An engrossing, comprehensive examination of key Civil War river battles.



A military history book focuses on the Civil War campaigns on the Tennessee and Cumberland Rivers.

In his characteristically detailed style, Zimmerman (Guide to Civil War Nashville, 2nd Ed., 2019, etc.) provides a thorough battle history of Union Navy gunboats and Confederate gunners and cavalry in eastern Missouri, middle-to-western Tennessee, and western Kentucky. The unique geography of this region made the military campaigns there different from anywhere else during the Civil War. In one of the only places where the Union extensively deployed its “brown-water navy,” military tacticians on both sides had “no gameplan to consult” as the “rules were created as the battles were fought.” Virtually no other site in the war pitted Union gunboats against Confederate cavalry and field artillery. Adding to the lore of the Tennessee and Cumberland campaigns was that they featured some of the most famous figures of the Confederacy, including Kentucky’s John Hunt Morgan and Tennessee’s Nathan Bedford Forrest, the first grand wizard of the Ku Klux Klan. In addition to their distinctiveness, the author argues that the conflicts along the Tennessee and Cumberland were critical to the ultimate success of the Union forces in the war. While most of the information in these pages has been covered by historians for a century, Zimmerman’s contribution is his ability to synthesize vast quantities of arcane military data into an accessible package. The book abounds with maps, fort schematics, charts, and photographs. It also features many well-placed insets with vignettes on particular weapons, people, and places. Civil War scholars may be perturbed by the lack of footnotes and references, though the volume does contain a bibliography that cites a number of academic books. General audiences and Civil War enthusiasts alike will be drawn to the work’s aesthetic appeal and ample use of visual aids. The volume concludes with a travel guide to the region’s battle sites that is particularly insightful, given the author’s active participation in numerous state and local Civil War preservation societies.

An engrossing, comprehensive examination of key Civil War river battles.

Pub Date: Sept. 7, 2019

ISBN: 978-0-9858692-5-0-9

Page Count: 184

Publisher: ZIMCO Publications

Review Posted Online: Sept. 18, 2019

Kirkus Reviews Issue: Oct. 15, 2019

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Noted jazz and pop record producer Thiele offers a chatty autobiography. Aided by record-business colleague Golden, Thiele traces his career from his start as a ``pubescent, novice jazz record producer'' in the 1940s through the '50s, when he headed Coral, Dot, and Roulette Records, and the '60s, when he worked for ABC and ran the famous Impulse! jazz label. At Coral, Thiele championed the work of ``hillbilly'' singer Buddy Holly, although the only sessions he produced with Holly were marred by saccharine strings. The producer specialized in more mainstream popsters like the irrepressibly perky Teresa Brewer (who later became his fourth wife) and the bubble-machine muzak-meister Lawrence Welk. At Dot, Thiele was instrumental in recording Jack Kerouac's famous beat- generation ramblings to jazz accompaniment (recordings that Dot's president found ``pornographic''), while also overseeing a steady stream of pop hits. He then moved to the Mafia-controlled Roulette label, where he observed the ``silk-suited, pinky-ringed'' entourage who frequented the label's offices. Incredibly, however, Thiele remembers the famously hard-nosed Morris Levy, who ran the label and was eventually convicted of extortion, as ``one of the kindest, most warm-hearted, and classiest music men I have ever known.'' At ABC/Impulse!, Thiele oversaw the classic recordings of John Coltrane, although he is the first to admit that Coltrane essentially produced his own sessions. Like many producers of the day, Thiele participated in the ownership of publishing rights to some of the songs he recorded; he makes no apology for this practice, which he calls ``entirely appropriate and without any ethical conflicts.'' A pleasant, if not exactly riveting, memoir that will be of most interest to those with a thirst for cocktail-hour stories of the record biz. (25 halftones, not seen)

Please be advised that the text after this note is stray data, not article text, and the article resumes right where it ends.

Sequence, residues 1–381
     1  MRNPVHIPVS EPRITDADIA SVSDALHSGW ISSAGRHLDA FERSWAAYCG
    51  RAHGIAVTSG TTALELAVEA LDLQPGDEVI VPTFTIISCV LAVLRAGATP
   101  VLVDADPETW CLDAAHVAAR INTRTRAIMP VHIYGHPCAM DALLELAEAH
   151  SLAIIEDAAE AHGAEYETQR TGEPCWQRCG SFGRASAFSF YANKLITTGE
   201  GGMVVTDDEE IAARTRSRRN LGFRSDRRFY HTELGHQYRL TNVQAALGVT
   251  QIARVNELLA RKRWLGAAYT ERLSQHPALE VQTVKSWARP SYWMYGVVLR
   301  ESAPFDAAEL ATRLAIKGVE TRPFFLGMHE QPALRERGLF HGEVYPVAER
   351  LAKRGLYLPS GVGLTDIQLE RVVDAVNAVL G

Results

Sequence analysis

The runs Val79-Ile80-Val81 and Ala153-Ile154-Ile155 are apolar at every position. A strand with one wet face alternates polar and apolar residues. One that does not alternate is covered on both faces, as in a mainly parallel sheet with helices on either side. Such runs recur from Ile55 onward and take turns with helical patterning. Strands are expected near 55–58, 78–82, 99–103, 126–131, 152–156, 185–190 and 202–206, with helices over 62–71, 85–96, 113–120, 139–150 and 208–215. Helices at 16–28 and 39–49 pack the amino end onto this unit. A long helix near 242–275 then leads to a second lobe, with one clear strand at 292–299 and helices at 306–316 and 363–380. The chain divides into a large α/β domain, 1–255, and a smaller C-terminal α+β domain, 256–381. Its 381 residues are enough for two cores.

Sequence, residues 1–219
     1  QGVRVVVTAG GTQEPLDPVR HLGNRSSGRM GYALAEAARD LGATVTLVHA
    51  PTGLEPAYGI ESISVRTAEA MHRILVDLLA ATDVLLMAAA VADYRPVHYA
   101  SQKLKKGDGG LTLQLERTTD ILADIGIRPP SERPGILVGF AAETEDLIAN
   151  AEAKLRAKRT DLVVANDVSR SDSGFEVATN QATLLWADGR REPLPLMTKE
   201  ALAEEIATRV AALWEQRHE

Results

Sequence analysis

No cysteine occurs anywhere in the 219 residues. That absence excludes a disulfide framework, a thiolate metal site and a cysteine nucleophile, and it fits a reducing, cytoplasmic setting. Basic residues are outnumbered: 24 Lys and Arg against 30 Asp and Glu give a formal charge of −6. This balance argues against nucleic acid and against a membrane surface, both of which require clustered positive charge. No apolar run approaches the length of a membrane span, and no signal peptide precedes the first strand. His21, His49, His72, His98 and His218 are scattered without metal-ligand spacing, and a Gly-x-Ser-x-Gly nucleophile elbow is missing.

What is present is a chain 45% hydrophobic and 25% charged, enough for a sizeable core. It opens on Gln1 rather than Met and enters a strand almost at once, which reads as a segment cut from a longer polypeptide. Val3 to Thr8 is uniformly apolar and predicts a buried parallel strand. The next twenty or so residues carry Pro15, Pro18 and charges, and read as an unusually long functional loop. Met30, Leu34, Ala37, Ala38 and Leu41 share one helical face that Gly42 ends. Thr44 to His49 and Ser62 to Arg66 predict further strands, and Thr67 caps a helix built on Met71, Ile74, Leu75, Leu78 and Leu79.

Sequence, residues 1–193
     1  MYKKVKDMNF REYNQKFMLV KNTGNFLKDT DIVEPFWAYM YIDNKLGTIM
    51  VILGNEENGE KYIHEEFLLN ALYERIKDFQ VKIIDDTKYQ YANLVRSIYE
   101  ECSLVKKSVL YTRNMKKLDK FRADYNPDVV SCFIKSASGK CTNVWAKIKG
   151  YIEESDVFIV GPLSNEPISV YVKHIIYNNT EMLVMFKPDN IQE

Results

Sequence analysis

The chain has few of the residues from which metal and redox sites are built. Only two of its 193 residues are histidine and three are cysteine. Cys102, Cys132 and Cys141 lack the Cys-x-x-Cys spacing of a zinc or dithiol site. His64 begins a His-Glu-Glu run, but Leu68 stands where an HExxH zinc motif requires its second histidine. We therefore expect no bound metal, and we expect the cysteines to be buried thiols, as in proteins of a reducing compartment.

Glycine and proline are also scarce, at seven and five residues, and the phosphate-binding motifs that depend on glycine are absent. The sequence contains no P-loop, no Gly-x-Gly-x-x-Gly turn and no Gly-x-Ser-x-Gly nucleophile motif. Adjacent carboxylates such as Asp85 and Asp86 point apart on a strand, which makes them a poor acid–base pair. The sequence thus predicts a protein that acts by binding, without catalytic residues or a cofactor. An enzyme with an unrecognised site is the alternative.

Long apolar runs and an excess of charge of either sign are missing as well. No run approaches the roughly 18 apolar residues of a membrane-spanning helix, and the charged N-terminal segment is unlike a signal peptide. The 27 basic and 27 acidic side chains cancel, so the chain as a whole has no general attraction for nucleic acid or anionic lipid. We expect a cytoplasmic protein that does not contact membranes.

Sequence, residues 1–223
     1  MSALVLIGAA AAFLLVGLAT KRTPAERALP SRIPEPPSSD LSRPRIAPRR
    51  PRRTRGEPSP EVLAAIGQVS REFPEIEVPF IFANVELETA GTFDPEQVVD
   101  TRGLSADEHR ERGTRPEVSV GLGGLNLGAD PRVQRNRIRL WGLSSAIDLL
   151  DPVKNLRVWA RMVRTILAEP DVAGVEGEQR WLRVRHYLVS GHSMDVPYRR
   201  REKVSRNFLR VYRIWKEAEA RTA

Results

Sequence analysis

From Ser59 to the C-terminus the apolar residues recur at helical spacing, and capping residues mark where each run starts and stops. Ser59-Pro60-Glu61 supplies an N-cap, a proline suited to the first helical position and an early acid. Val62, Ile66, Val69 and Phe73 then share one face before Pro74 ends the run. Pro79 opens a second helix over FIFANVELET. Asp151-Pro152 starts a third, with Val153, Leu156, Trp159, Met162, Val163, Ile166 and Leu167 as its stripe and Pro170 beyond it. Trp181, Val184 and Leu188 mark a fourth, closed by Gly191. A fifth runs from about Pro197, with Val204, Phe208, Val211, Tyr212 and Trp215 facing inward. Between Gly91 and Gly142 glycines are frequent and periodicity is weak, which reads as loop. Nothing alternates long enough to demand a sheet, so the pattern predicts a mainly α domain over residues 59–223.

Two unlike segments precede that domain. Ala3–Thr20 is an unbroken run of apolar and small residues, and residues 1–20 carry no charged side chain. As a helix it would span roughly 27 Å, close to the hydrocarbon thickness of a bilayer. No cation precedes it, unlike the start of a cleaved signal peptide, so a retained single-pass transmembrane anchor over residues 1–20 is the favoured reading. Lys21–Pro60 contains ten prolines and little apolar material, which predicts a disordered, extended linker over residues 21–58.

Pub Date: May 1, 1995

ISBN: 0-19-508629-4

Page Count: 224

Publisher: Oxford Univ.

Review Posted Online: May 20, 2010

Kirkus Reviews Issue: March 1, 1995

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This early reader is an excellent introduction to the March on Washington in 1963 and the important role in the march played by Martin Luther King Jr. Ruffin gives the book a good, dramatic start: “August 28, 1963. It is a hot summer day in Washington, D.C. More than 250,00 people are pouring into the city.” They have come to protest the treatment of African-Americans here in the US. With stirring original artwork mixed with photographs of the events (and the segregationist policies in the South, such as separate drinking fountains and entrances to public buildings), Ruffin writes of how an end to slavery didn’t mark true equality and that these rights had to be fought for—through marches and sit-ins and words, particularly those of Dr. King, and particularly on that fateful day in Washington. Within a year the Civil Rights Act of 1964 had been passed: “It does not change everything. But it is a beginning.” Lots of visual cues will help new readers through the fairly simple text, but it is the power of the story that will keep them turning the pages. (Easy reader. 6-8)

Pub Date: Jan. 1, 2001

ISBN: 0-448-42421-5

Page Count: 48

Publisher: Grosset & Dunlap

Review Posted Online: May 20, 2010

Kirkus Reviews Issue: Dec. 1, 2000

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